P.S. If you are completely lost about what’s going on here, I suggest you check out this post, and then come back to review the code in more detail.

A little tip about counterScope

One of many cool CakePHP’s features is the Counter Cache.

From the manual: “This function helps you cache the count of related data. Instead of counting the records manually via find(‘count’), the model itself tracks any addition/deleting towards the associated $hasMany model and increases/decreases a dedicated integer field within the parent model table.”

So if you have Forum with Posts, you can keep track of how many posts are there in a given forum by tracking this data in the “forums” table, which certainly speeds things up and takes a little load off your DB.

One feature that is not (yet) very well documented is the ability to provide a counterScope. It essentially allows you to specify a simple condition, which tells the model when to update (or when not to, depending on how you look at it) the counter value.

Using our Post model example, we can specify it like so:

class Post extends AppModel {
        var $name = 'Post';
        var $belongsTo = array('Forum'=>array(
                                              'counterCache'=>true,
                                              'counterScope'=>array('Post.deleted'=>0)));

    }

This means that counter will only be updated for posts that are active: 'deleted'=>0.

Also, it is implied in this example that you have some admin tool, which lets you do soft deletes of your posts (i.e. set the “deleted” field to 1)…

Something simple, like this:

function delete($id = null) {
   if($id) {
        $this->Post->id = $id;
        $this->Post->saveField('deleted', 1);
   }
}

Guess what? Cake is going to update your counter field in the forums table, when you deactivate a post in this manner.

Brilliant stuff, I tell ya…

Blend PHP and JavaScript in CakePHP

I guess it’s no big secret that you can easily serve JavaScript files with some PHP content, by using something like:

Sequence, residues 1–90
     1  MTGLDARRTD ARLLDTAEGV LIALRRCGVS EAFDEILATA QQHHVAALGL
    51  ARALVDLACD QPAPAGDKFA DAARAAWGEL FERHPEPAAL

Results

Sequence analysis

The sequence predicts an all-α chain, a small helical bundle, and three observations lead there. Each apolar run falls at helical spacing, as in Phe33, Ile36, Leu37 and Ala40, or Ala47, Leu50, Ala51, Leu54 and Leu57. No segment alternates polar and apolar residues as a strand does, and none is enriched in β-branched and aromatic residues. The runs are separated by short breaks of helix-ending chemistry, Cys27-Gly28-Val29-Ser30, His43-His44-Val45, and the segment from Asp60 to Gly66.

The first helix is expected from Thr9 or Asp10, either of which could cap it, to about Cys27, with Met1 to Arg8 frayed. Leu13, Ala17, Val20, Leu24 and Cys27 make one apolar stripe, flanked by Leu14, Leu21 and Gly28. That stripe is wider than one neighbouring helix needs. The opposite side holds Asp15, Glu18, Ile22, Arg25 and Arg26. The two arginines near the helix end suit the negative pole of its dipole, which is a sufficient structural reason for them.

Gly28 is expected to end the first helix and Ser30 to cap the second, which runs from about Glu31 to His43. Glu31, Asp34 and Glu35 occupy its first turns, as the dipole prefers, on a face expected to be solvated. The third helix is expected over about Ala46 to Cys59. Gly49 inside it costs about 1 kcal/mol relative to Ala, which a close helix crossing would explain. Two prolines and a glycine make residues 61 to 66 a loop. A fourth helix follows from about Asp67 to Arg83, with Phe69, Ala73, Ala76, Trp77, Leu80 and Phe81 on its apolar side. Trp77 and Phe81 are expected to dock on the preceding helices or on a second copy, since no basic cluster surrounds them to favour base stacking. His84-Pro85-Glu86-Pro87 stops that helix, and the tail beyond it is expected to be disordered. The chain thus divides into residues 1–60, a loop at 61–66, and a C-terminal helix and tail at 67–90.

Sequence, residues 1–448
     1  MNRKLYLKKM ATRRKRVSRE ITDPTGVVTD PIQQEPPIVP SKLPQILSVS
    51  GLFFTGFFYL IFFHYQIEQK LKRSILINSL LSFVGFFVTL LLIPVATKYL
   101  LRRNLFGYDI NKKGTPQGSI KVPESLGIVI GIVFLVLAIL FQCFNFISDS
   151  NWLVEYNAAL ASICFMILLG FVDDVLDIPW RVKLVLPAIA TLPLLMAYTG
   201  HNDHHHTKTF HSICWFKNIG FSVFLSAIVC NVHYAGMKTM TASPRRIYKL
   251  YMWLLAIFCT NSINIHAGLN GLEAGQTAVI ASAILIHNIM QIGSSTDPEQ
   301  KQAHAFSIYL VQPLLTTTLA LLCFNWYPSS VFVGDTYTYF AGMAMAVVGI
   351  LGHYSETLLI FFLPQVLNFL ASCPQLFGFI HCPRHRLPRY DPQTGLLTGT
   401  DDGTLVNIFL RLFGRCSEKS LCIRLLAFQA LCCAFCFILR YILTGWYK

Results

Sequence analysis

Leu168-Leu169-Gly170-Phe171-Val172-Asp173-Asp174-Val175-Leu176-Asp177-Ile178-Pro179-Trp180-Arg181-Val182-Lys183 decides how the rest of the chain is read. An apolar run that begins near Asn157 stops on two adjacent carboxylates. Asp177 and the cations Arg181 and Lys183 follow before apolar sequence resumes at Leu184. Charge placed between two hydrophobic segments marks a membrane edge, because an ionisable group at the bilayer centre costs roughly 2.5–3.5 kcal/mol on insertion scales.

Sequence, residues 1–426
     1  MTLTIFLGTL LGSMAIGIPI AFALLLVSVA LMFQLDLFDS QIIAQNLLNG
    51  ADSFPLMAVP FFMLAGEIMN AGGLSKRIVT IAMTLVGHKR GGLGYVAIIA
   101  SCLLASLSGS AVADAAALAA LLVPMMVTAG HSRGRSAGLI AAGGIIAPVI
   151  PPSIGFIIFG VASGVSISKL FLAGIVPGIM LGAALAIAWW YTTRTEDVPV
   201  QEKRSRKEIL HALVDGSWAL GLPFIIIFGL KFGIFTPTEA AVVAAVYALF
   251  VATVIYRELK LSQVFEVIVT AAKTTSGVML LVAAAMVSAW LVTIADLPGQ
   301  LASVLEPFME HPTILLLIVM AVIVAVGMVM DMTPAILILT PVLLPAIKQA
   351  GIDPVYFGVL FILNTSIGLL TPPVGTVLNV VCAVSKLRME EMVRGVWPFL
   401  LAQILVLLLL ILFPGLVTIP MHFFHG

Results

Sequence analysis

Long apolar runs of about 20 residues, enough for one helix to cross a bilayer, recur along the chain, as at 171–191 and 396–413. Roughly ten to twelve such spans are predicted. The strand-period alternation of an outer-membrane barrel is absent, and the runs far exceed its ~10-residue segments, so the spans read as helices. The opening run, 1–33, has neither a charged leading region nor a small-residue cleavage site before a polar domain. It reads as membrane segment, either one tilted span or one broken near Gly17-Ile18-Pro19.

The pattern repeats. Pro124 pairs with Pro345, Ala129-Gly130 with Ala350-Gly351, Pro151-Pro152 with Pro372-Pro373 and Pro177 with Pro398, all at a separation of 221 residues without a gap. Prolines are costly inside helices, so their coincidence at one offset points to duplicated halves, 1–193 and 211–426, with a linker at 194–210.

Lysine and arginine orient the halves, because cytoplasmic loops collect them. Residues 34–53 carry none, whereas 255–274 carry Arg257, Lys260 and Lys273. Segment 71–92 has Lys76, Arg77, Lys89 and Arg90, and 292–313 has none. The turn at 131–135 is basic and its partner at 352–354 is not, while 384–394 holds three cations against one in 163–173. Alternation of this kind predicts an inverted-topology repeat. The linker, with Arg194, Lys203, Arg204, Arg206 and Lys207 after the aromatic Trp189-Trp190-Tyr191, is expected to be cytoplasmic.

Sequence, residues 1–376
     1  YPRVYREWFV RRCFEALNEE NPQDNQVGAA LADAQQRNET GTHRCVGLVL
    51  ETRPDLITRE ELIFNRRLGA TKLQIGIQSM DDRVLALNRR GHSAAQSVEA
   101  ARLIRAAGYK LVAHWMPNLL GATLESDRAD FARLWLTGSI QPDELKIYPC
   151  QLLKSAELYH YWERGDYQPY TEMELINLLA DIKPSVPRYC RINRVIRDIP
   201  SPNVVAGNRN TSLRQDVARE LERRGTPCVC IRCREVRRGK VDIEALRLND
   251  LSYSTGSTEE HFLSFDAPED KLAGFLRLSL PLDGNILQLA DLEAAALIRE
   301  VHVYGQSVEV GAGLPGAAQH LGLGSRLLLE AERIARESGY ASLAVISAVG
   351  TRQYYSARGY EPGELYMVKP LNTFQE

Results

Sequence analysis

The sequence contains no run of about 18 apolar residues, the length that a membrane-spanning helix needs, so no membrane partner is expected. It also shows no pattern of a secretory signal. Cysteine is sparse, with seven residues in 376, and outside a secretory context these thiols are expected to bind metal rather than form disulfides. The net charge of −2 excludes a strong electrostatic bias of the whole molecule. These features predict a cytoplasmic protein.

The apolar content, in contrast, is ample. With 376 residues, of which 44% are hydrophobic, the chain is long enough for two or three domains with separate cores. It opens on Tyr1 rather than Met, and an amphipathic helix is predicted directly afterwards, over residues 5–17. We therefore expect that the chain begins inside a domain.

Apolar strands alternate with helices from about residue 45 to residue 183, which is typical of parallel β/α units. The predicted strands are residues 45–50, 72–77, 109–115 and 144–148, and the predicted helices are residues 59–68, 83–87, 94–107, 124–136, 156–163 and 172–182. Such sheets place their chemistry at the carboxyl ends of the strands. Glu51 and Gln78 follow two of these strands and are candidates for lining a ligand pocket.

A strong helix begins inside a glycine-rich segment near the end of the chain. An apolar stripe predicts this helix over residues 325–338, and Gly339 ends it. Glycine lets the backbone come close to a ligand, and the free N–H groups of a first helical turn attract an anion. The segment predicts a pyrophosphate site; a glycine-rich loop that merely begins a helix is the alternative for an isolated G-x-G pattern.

<script type="text/javascript" src="myscript.php"></script>

Let’s take a quick look at how this applies to CakePHP and what (hopefully) useful tricks you can accomplish by employing the following techniques…

First, we’d like to avoid any messy and ugly in-line JS and load all files by using the convenient $javascript->link() method.

We’ll create an empty view (views/users/test.ctp), for the sake of this demonstration and load some JS file:

$javascript->link('test_file.js.php', false);

Having the “.js.php” in the name of the file prevents cake from tacking on the “.js” extension by default, therefore our include in the head looks as we’d expect:

<script type="text/javascript" src="/js/test_file.js.php"></script>

Now, wouldn’t it be lovely to pass some variables from our Users Controller to this file?

Alright, let’s build a simple test() action:

function test() {
    $this->Session->write('User', 'My name is Charlie');                
}

Since we are actually serving up a PHP file, rather than a plain JS file… we can blend JS and PHP to make some interesting things happen.
Here’s our test_file.js.php:

<?php 
    session_name('CAKEPHP');
    session_start();
?>

alert('<?php echo $_SESSION&#91;'User'&#93;; ?>');

session_name('CAKEPHP'); is based on the session cookie name, which is set in config/core.php.
The rest of the file should pretty much self explanatory… we simply pop-up an alert box with “My name is Charlie”, which we’ve wrote to the session in the Users Controller above.
(Sorry, I couldn’t come up with a more boring example).

However, this opens up some interesting opportunities, such as dynamically setting values for your jQuery scripts, while maintaining very clean mark-up and avoiding any in-line JS.

P.S. AD7six pointed out that any .js file in your app/vendors/js/ can have PHP code in it, so you don’t need to use “.js.php” trick, however many IDE’s will give you a very quirky highlighting (to say the least) when you are editing PHP code in a .js file, but not the other way around. Either way you’ve got both options to play around with.